Lung Cancer Clinical Trial
Surgery Versus Stereotactic Body Radiation Therapy for Stage I Non-Small Cell Lung Cancer
The development of stereotactic body radiation therapy (SBRT) for the treatment of stage I non-small cell lung cancer (NSCLC) has inspired a close partnership between thoracic surgery and radiation oncology. In this study, patients with stage I NSCLC will be screened prior to treatment and will be consented after their treatment plan has been determined. Prospectively collected patient-reported outcomes (PROs) will be collected for 3 years, as will outcomes data.
Clinical stage I NSCLC (T1 or T2a, N0, M0) by integrated PET/CT scan performed within 90 days of screening. Biopsy is strongly encouraged. In the event biopsy is not performed, rationale must be provided for performing empiric treatment. Patients with hilar or mediastinal lymph nodes ≤ 1 cm and no abnormal hilar or mediastinal uptake on PET will be considered N0. Pre-treatment mediastinal lymph node sampling by any technique is allowed but not required. Patients with > 1 cm hilar or mediastinal lymph nodes on CT or abnormal PET (including suspicious but nondiagnostic uptake) may still be eligible if directed tissue biopsies of all abnormally identified areas are negative for cancer.
First primary NSCLC on the ipsilateral side.
At least 18 years of age.
Clinically eligible for either treatment (surgical resection or SBRT). Because this is a pragmatic study and treatment decisions are at the discretion of the treating physicians and their patients, patients must be eligible for either treatment. In order to be considered eligible for either treatment, patients must have:
ECOG performance status ≤ 2
No home oxygen use
FEV1 and DLCO ≥ 40% predicted
No symptomatic congestive heart failure as documented by NYHA I-II functional classification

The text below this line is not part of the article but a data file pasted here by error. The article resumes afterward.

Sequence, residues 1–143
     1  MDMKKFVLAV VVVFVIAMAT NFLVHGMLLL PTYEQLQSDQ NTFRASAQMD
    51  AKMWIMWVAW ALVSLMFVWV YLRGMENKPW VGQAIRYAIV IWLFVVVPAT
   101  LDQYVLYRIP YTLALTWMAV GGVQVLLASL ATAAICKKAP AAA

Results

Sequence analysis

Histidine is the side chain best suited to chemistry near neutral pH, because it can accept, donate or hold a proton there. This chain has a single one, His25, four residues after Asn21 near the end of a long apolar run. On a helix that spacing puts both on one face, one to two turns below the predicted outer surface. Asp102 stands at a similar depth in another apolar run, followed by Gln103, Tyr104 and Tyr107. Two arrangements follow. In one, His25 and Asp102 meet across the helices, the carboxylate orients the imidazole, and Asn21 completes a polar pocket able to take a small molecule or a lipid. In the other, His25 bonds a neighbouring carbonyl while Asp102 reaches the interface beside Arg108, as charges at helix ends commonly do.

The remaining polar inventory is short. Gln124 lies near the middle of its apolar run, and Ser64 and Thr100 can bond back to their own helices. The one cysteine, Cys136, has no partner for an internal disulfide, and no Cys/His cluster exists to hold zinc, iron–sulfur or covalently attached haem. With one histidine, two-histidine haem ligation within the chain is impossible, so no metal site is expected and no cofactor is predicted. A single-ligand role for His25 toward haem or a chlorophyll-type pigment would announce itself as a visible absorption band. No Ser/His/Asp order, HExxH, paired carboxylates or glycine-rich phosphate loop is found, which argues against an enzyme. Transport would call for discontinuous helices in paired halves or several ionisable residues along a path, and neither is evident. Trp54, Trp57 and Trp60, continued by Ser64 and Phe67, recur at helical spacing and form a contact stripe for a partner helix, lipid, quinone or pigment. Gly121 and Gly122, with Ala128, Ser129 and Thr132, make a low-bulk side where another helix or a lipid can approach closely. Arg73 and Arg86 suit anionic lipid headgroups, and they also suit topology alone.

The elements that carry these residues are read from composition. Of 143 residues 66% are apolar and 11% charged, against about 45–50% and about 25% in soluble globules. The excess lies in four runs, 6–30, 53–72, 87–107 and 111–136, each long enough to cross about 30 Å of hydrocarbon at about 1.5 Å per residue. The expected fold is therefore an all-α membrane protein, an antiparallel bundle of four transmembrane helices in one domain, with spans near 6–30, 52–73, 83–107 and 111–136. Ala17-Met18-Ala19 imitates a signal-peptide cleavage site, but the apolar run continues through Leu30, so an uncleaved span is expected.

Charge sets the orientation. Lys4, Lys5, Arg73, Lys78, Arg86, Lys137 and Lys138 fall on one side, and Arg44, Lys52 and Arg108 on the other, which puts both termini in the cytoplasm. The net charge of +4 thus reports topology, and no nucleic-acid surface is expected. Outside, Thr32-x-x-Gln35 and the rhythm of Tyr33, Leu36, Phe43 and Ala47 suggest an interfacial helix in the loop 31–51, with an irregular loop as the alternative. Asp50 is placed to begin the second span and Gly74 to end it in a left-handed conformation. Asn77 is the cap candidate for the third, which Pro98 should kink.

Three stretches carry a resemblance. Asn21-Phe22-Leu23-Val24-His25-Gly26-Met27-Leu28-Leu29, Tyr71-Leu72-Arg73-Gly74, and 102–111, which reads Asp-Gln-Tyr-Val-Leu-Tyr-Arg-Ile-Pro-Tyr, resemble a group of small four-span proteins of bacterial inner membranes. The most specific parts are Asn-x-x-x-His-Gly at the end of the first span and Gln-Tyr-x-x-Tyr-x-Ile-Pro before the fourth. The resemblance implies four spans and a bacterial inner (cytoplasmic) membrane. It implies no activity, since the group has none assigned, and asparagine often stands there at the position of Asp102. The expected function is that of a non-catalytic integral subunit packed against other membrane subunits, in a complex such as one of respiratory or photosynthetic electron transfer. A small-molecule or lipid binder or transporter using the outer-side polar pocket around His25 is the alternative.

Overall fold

Been deemed operable by a thoracic surgeon, per clinical visit or review of the medical record and as documented by e-mail, tumor board, study meetings, or other acceptable source documentation. In addition to operability, the surgeon must define what anticipated surgical approach and procedure would be undertaken.
Been deemed treatable by a radiation oncologist with 5 or fewer fractions of SBRT, per clinical visit or review of the medical record and as documented by e-mail, tumor board, study meetings, or other acceptable source documentation. In addition to suitability for SBRT, the radiation oncologist must define which dose and fractionation would be undertaken.
Ability to understand and willingness to sign an IRB-approved written informed consent document.
A history of other invasive malignancy with the exception of malignancies for which all treatment was completed at least 3 years before registration and the patient has no evidence of active disease.
Suspicious or biopsy proven low-grade neuroendocrine carcinoma (carcinoid).
Received prior intra-thoracic radiation therapy that would overlap with the current lung cancer.
Previous chemotherapy, radiotherapy, or surgical resection specifically for the lung cancer being treated.
Prior lung resection on the ipsilateral side.
Patients with central tumors requiring a sleeve lobectomy or pneumonectomy.
"Ultra-central" lesions (defined as a lesion that directly contacts or overlaps the trachea, main bronchus, esophagus, or pulmonary vessels), or those for which a more extended fractionation would be required to safely treat with SBRT.
Concurrent enrollment in a therapeutic trial for the index cancer.
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There are 6 Locations for this study
Saint Louis Missouri, 63110, United States More Info
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